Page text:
Hundreds evacuated in Eastern Washington wildfires
10:22 PM PDT on Friday, July 30, 2004
ELLENSBURG, Wash. - A fast-moving wildfire between Cle Elum and Ellensburg forced the evacuation of about 200 homes late Friday in the eastern foothills of the Cascades after 25 mph winds fanned the blaze to more than 200 acres in just a few hours.
A state of emergency was declared for Kittitas County and statewide mobilization has been requested by the county for additional attack teams to assist with defense of homes in the fire area.
A spokesman with the Northwest Interagency Fire Coordination Center in Portland, Oregon says the Indian John fire is burning near milepost 90 near Thorpe Prairie Road.
Five structures have been lost so far in the newest fire that was reported near Interstate 90 between Cle Elum and Ellensburg at about 12:30 p.m. Friday.
Firefighters were concerned the fire could jump the Yakima River, Kittitas County Undersheriff Clayton Myers said.
The evacuation was ordered for the Morrison Canyon and Sunlight Waters developments.
No details on the size or cause of the fire.
Three fires near Lake Chelan
Earlier in the day, authorities in northcentral Washington ordered the evacuation of 100 homes after a wildfire near Lake Chelan grew to 10,000 acres in 24 hours.
The Deep Harbor fire near Lake Chelan did not burn any new structures Friday and no injuries were reported, said Mike Ferris, a Forest Service spokesman at the fire command post.
On Thursday, it destroyed a dock and picnic shelter at a campground, he said.
The Deep Harbor evacuations, many affecting vacation homes, were ordered Friday morning, and firefighters concentrated their efforts on keeping flames away from the structures. The fire was burning about 2-1/2 miles from the nearest home.
Later Friday, heavy smoke prevented aerial surveys to determine if the blaze had grown, or was closer to merging with the nearby Pot Peak fire.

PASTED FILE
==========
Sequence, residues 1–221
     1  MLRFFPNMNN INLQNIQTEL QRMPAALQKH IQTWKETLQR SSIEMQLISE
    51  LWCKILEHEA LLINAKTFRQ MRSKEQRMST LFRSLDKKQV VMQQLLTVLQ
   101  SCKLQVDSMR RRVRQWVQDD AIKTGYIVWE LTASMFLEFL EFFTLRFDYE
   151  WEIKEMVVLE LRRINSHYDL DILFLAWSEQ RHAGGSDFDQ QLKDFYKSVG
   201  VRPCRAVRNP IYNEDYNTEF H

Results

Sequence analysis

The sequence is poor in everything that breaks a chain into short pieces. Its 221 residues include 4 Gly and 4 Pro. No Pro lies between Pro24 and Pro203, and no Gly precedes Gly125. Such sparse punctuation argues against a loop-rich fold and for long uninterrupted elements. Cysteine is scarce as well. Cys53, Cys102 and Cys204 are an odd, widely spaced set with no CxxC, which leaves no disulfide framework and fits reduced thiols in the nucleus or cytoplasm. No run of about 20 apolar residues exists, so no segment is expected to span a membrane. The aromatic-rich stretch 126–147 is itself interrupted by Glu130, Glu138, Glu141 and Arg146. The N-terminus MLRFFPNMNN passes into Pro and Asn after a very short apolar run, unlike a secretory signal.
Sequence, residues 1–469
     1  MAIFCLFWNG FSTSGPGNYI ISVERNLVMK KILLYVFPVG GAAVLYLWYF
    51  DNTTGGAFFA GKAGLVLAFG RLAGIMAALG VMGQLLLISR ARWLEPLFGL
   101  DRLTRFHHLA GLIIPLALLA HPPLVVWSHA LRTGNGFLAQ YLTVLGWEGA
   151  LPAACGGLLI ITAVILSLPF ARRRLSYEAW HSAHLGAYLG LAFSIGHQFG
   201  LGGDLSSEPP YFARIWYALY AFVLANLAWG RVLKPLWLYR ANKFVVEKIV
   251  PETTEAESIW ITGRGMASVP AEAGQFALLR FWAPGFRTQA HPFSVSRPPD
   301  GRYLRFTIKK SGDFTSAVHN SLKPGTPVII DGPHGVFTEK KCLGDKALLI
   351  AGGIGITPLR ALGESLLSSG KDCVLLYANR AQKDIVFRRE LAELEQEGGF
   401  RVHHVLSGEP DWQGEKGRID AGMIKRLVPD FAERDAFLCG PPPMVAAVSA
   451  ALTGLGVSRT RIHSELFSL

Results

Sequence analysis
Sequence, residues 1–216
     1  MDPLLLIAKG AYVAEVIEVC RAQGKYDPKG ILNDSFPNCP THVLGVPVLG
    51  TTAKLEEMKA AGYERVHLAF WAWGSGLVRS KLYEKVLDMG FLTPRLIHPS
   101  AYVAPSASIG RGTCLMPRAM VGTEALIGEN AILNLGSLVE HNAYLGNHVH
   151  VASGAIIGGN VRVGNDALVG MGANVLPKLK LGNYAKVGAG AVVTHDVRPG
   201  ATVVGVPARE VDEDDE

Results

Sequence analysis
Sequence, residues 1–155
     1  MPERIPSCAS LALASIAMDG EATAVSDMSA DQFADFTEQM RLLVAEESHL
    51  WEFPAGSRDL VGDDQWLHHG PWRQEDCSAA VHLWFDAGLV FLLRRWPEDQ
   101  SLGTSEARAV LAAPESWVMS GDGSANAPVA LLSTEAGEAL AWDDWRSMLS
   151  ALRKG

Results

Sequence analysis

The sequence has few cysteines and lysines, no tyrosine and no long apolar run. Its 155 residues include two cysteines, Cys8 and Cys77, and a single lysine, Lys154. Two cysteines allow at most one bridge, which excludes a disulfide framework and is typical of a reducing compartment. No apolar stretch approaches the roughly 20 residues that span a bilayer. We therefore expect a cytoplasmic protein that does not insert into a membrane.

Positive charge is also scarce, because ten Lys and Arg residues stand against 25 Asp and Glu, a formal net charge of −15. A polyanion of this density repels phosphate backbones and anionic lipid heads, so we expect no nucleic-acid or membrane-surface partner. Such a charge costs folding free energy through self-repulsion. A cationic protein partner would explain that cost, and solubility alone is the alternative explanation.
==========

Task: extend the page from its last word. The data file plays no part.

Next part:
Three fires - Pot Peak at 15,500 acres, Sisi Ridge at 345 and Deep Harbor - are being fought jointly by about 625 firefighters.
None of the three blazes threatens the communities of Chelan or Stehekin.
Smoke from those fires was so bad Friday that the Chelan-Douglas Health District issued an alert warning people with respiratory and heart conditions, the elderly and children to stay inside.
Fire managers and Chelan County officials ordered the evacuation of about 100 homes in the Fields Point community, about 25 miles northwest of the town of Chelan. Twenty-Five Mile Creek campground on the lake was closed because of the blaze.
By late Friday afternoon, no one had yet showed up at a shelter set up in Chelan for fire evacuees, fire information officer Debbie Kelly said.
The Deep Harbor fire was started by lightning July 19 and had burned only 145 acres until Thursday, when winds began to expand it.
Sisi Ridge also was started by lightning on July 19. Pot Peak was started by lightning on June 26.
Lightning had started the Deep Harbor fire a week ago, and firefighters initially thought the small fire would die out due to the steepness of the terrain, said Chelan County Sheriff Mike Harum. But winds shifted and the fire to grew downlake toward Lake Chelan and residents.
Since the fire was burning in steep, rocky terrain along the lakeshore, ground crews have been unable to access the fire. Winds, coupled with heat and very dry conditions, were also making fighting conditions very dangerous, so crews were primarily battling the blaze from the air, using helicopters to drop water onto the blaze. Fire crews said the bulk of their efforts Friday will be to establish a burnout line.
"We going to try to establish an indirect line where we can begin a burnout operation," said Mike Farris with the U.S. Forest Service. "Try to get a line from the topof the ridge from somewhere around Grouse Mountain down to the lakeshore to try to cut it off."
Farris said they had enough resources to battle the blaze, and hot shot crews were expected to arrive and provide additional assistance.
Pictures of Deep Harbor fire
Special wildfire section
The Chelan-Douglas Health District has issued a health alert for the Lake Chelan area because of the wildfire smoke. The low-level alert warns people with respiratory and heart conditions, the elderly and children to avoid prolonged outdoor exertion.
The Deep Harbor fire already had burned through two campgrounds on the south shore of the lake, gobbling up a dock and picnic shelter. The fire is part of a complex of fires in the Lake Chelan area that have burned about 20,000 acres.
The campgrounds at Graham Creek and Graham Harbor Creek, reachable only by boat, had previously been swathed in fire-protective wrap by firefighters, but the blaze burned the dock and picnic shelter at Graham Harbor Creek, spokeswoman Pam Sichting said.
No injuries were reported. The Red Cross set up a shelter at Chelan High School for displaced residents.
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